31 Stages: What's this, Baskin Robbins?

Flip back a couple of years and remember the introduction of the Pentium 4 at 1.4 and 1.5GHz. Intel went from a 10-stage pipeline of the Pentium III to a 20-stage pipeline, an increase of 100%. Initially the Pentium 4 at 1.5GHz had a hard time even outperforming the Pentium III at 1GHz, and in some cases was significantly slower.

Fast forward to today and you wouldn't think twice about picking a Pentium 4 2.4C over a Pentium III 1GHz, but back then the decision was not so clear. Does this sound a lot like our CPU design example from before?

The 0.13-micron Northwood Pentium 4 core looked to have a frequency ceiling of around 3.6 - 3.8GHz without going beyond comfortable yield levels. A 90nm shrink, which is what we thought Prescott was originally going to be, would reduce power consumption and allow for even higher clock speeds - but apparently not high enough for Intel's desires.

Intel took the task of a 90nm shrink and complicated it tremendously by performing significant microarchitectural changes to Prescott - extending the basic integer pipeline to 31 stages. The full pipeline (for an integer instruction, fp instructions go through even more stages) will be even longer than 31 stages as that number does not include all of the initial decoding stages of the pipeline. Intel informed us that we should not assume that the initial decoding stages of Prescott (before the first of 31 stages) are identical to Northwood, the changes to the pipeline have been extensive.

The purpose of significantly lengthening the pipeline: to increase clock speed. A year ago at IDF Intel announced that Prescott would be scalable to the 4 - 5GHz range; apparently this massive lengthening of the pipeline was necessary to meet those targets.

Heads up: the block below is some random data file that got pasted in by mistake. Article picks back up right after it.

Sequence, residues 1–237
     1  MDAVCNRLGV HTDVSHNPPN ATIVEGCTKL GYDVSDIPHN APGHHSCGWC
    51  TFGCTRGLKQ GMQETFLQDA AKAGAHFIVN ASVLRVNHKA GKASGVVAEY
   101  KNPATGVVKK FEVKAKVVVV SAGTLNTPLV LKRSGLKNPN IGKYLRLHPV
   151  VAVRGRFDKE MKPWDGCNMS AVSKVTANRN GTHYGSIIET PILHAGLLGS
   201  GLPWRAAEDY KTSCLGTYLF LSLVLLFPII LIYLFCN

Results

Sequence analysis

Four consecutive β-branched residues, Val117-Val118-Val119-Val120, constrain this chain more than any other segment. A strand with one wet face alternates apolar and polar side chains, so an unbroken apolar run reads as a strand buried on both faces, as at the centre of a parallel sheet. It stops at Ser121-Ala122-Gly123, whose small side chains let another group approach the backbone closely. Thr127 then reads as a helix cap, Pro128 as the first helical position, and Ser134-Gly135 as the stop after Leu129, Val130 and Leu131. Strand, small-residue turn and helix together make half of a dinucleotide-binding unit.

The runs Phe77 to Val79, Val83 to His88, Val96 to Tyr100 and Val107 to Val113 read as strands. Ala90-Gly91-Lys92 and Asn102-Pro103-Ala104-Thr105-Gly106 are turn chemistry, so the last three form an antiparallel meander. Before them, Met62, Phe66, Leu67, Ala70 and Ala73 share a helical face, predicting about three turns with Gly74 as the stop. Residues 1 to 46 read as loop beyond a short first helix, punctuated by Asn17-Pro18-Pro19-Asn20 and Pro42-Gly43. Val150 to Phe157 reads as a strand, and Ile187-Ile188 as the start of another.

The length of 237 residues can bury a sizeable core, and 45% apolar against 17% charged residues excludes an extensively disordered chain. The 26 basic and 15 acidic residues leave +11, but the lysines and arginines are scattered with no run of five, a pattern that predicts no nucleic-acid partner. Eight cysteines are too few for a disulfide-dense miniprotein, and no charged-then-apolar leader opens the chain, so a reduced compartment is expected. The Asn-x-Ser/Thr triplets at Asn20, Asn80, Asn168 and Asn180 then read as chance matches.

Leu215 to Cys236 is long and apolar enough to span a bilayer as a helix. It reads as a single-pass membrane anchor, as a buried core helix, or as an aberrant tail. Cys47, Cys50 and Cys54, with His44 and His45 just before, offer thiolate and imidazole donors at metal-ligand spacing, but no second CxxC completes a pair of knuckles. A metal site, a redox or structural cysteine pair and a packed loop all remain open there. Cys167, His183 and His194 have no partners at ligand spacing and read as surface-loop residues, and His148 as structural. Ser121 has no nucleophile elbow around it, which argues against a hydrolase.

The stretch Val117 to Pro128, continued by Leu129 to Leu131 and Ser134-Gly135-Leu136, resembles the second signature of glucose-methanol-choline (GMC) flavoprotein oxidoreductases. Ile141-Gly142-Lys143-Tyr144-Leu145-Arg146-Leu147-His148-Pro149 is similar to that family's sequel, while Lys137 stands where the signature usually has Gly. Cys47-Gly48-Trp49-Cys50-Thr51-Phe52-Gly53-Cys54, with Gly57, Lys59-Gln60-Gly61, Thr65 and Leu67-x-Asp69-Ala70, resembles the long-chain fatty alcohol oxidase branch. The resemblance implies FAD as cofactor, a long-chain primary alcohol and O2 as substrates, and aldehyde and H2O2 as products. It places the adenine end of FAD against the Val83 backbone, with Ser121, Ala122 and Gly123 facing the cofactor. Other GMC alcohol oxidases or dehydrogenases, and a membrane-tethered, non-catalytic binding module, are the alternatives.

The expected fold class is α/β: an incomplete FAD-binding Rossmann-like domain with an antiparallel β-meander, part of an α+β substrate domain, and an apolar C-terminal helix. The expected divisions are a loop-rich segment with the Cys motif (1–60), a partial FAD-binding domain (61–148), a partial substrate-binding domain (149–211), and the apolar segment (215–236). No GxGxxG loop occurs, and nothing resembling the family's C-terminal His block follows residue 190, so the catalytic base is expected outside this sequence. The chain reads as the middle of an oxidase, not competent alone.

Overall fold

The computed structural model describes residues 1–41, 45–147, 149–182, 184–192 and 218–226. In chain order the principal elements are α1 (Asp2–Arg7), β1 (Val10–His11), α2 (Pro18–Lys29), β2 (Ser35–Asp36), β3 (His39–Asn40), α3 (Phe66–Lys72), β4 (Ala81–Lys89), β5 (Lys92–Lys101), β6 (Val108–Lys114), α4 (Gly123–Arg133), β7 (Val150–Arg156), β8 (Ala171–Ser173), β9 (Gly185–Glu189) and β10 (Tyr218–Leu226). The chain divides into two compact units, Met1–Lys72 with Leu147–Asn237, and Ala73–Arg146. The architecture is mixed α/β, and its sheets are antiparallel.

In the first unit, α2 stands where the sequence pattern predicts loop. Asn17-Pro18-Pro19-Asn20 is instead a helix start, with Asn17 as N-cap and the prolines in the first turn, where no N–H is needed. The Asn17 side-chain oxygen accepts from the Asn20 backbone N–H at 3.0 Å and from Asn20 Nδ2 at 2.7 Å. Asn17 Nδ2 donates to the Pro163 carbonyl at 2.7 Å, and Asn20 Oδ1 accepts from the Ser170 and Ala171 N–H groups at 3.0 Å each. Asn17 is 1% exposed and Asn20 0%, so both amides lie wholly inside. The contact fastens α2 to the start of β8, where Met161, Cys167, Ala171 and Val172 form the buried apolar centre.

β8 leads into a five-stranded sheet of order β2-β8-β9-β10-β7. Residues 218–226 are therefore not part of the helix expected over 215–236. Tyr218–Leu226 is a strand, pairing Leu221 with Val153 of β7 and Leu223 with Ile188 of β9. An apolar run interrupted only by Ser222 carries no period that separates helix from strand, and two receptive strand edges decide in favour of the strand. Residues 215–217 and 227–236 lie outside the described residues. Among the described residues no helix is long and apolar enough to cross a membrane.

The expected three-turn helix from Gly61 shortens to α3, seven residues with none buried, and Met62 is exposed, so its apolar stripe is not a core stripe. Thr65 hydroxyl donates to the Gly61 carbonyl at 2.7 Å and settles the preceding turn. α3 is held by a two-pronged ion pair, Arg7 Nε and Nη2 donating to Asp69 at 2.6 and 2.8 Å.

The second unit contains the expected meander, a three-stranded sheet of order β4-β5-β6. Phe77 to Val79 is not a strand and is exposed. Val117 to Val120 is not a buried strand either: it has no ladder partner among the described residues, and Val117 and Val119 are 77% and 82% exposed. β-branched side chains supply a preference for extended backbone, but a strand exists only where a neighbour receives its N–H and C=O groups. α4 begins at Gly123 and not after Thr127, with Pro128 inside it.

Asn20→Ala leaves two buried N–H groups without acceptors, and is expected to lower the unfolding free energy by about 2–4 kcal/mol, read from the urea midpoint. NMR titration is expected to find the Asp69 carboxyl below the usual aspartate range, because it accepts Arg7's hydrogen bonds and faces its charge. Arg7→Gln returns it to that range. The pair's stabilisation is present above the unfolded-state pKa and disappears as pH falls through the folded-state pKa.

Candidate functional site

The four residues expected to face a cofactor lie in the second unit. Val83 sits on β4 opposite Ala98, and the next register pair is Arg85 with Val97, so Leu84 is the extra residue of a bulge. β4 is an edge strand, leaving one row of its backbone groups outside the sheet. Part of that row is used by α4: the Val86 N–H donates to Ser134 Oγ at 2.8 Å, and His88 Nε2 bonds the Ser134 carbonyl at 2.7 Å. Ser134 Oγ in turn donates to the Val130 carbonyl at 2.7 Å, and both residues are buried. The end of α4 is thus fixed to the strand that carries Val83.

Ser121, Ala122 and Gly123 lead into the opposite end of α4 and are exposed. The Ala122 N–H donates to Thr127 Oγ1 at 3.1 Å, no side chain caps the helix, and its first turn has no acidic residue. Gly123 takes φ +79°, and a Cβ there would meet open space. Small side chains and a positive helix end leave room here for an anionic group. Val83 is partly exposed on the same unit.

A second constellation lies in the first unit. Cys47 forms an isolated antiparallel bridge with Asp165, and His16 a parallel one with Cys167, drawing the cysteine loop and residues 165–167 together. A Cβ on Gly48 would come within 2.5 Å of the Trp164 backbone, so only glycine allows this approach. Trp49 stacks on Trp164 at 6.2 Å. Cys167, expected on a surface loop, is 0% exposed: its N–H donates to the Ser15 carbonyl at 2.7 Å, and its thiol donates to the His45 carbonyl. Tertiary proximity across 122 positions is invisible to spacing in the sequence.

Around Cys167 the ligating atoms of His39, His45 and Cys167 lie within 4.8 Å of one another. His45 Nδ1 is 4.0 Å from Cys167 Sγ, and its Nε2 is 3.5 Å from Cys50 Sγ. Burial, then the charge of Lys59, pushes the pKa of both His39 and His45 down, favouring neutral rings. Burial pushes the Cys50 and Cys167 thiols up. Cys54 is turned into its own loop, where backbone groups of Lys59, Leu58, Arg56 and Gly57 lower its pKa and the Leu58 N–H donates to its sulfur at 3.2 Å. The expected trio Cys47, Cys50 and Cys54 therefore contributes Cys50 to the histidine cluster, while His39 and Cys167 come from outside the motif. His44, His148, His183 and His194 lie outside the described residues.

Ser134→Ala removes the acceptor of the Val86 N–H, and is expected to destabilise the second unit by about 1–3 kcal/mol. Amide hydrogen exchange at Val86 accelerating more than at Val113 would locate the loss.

Lengthening the pipeline does bring about significant challenges for Intel, because if all they did was lengthen the pipeline then Prescott would be significantly slower than Northwood on a clock for clock basis. Remember that it wasn't until Intel ramped the clock speed of the Pentium 4 up beyond 2.4GHz that it was finally a viable competitor to the shorter pipelined Athlon XP. This time around, Intel doesn't have the luxury of introducing a CPU that is outperformed by its predecessor - the Pentium 4 name would be tarnished once more if a 3.4GHz Prescott couldn't even outperform a 2.4GHz Northwood.

The next several pages will go through some of the architectural enhancements that Intel had to make in order to bring Prescott's performance up to par with Northwood at its introductory clock speed of 3.2GHz. Without these enhancements that we're about to talk about, Prescott would have spelled the end of the Pentium 4 for good.

One quick note about Intel's decision to extend the Pentium 4 pipeline - it isn't an easy thing to do. We're not saying it's the best decision, but obviously Intel's engineers felt so. Unlike GPUs that are generally designed using Hardware Description Languages (HDLs) using pre-designed logic gates and cells, CPUs like the Pentium 4 and Athlon 64 are largely designed by hand. This sort of hand-tuned design is why a Pentium 4, with far fewer pipeline stages, can run at multiple-GHz while a Radeon 9800 Pro is limited to a few hundred-MHz. It would be impossible to put the amount of design effort making a CPU takes into a GPU and still meet 6 month cycles.

What is the point of all of this? Despite the conspiracy theorist view on the topic, a 31-stage Prescott pipeline was a calculated move by Intel and not a last-minute resort. Whatever their underlying motives for the move, Prescott's design would have had to have been decided on at least 1 - 2 years ago in order to launch today (realistically around 3 years if you're talking about not rushing the design/testing/manufacturing process). The idea of "adding a few more stages" to the Pentium 4 pipeline at the last minute is not possible, simply because it isn't the number of stages that will allow you to reach a higher clock speed - but the fine hand tuning that must go into making sure that your slowest stage is as fast as possible. It's a long and drawn out process and both AMD and Intel are quite good at it, but it still takes a significant amount of time. Designing a CPU is much, much different than designing a GPU. This isn't to say that Intel made the right decision back then, it's just to say that Prescott wasn't a panicked move - it was a calculated one.